Samsung has reportedly given key developers of the CyanogenMod development team free Samsung Galaxy S II smartphones.
In the latest sign that major Android smartphone makers are warming to third-party firmware development, Samsung provided the handsets to keep members of the CyanogenMod team in order to facilitate the development of a compatible version of the group's popular of Android.
Previously so-called 'ROM cooks' or modders were forced to relying on hacking the boot loaders for Android smartphones so they could gain control of the device and replace the firmware.
The community behind Cyanogen produces a popular alternative firmware version of Android based on the latest version of Android from the Android Open Source Project. CyanogenMod 7 provides the latest version of Android and a whole host of new features and performance improvements on top.
A small subset of enthusiasts are likely to choose their high-end Android handset largely on the basis of being able to unlock the device and update the software, thus ensuring they're not impacted by the common occurrence of manufacturers and operators delaying Android over-the-air updates.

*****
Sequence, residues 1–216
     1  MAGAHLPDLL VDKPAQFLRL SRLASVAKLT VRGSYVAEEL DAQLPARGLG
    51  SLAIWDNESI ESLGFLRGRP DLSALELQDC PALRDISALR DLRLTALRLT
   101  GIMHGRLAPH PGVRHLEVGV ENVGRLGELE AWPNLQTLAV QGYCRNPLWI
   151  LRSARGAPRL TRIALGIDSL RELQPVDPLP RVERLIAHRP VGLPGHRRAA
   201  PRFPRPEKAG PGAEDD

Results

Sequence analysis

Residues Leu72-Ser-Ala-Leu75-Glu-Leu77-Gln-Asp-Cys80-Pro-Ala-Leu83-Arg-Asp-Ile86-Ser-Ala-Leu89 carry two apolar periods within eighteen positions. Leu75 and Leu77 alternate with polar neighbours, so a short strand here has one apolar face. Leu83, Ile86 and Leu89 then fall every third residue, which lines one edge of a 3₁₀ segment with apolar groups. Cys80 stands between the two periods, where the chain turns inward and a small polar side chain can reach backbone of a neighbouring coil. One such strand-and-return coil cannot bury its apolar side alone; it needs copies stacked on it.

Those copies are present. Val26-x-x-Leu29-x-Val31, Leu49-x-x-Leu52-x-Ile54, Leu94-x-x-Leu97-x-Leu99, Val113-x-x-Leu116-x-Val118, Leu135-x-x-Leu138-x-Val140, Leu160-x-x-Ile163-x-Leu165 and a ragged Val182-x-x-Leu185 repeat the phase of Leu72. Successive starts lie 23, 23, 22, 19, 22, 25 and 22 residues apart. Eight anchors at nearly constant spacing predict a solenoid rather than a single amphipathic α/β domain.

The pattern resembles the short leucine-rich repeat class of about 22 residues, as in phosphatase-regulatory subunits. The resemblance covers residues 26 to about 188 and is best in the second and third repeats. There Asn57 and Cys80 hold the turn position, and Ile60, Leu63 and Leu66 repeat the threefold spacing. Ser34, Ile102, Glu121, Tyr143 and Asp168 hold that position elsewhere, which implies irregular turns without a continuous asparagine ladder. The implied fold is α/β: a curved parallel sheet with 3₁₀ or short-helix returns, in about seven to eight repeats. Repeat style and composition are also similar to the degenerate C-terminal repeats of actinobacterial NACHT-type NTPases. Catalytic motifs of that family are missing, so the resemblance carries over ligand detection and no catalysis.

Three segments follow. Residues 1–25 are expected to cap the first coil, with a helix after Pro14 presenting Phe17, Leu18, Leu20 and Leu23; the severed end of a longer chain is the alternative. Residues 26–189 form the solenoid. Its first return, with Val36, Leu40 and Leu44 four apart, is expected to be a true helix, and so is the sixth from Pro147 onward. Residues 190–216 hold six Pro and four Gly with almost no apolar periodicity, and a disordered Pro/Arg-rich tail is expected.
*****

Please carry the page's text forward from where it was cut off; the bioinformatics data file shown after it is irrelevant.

Initially the official Google Nexus handsets were prized for having an easily unlocked boot loader but Sony Ericsson launched a website to unlock the firm's Android smartphone boot loaders in April. Shortly after HTC and Motorola signaled a move away from the locked boot loader policy.
However supporting a third-party Android mod team directly is something of a first. Cyanogen community member Atin said that CyanogenMod development for the new Samsung Galaxy S II would 'begin tonight'.